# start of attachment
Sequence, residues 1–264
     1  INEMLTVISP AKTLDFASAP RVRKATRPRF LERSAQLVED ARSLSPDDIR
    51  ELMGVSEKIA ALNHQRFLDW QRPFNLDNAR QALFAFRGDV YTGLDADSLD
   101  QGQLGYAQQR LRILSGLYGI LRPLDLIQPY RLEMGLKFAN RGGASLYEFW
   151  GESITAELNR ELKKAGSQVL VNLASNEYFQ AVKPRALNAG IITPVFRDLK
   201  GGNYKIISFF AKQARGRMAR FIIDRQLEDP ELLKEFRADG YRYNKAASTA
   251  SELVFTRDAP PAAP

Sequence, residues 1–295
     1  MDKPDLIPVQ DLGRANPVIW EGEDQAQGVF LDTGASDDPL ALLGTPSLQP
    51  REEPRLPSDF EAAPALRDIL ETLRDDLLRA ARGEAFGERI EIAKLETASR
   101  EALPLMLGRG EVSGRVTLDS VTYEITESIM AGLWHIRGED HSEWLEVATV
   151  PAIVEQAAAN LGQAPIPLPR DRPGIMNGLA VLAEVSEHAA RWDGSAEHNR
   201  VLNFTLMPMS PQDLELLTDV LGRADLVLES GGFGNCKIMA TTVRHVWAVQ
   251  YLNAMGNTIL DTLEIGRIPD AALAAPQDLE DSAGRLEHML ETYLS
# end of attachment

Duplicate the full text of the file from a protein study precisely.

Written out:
Sequence, residues 1–264
     1  INEMLTVISP AKTLDFASAP RVRKATRPRF LERSAQLVED ARSLSPDDIR
    51  ELMGVSEKIA ALNHQRFLDW QRPFNLDNAR QALFAFRGDV YTGLDADSLD
   101  QGQLGYAQQR LRILSGLYGI LRPLDLIQPY RLEMGLKFAN RGGASLYEFW
   151  GESITAELNR ELKKAGSQVL VNLASNEYFQ AVKPRALNAG IITPVFRDLK
   201  GGNYKIISFF AKQARGRMAR FIIDRQLEDP ELLKEFRADG YRYNKAASTA
   251  SELVFTRDAP PAAP

Sequence, residues 1–295
     1  MDKPDLIPVQ DLGRANPVIW EGEDQAQGVF LDTGASDDPL ALLGTPSLQP
    51  REEPRLPSDF EAAPALRDIL ETLRDDLLRA ARGEAFGERI EIAKLETASR
   101  EALPLMLGRG EVSGRVTLDS VTYEITESIM AGLWHIRGED HSEWLEVATV
   151  PAIVEQAAAN LGQAPIPLPR DRPGIMNGLA VLAEVSEHAA RWDGSAEHNR
   201  VLNFTLMPMS PQDLELLTDV LGRADLVLES GGFGNCKIMA TTVRHVWAVQ
   251  YLNAMGNTIL DTLEIGRIPD AALAAPQDLE DSAGRLEHML ETYLS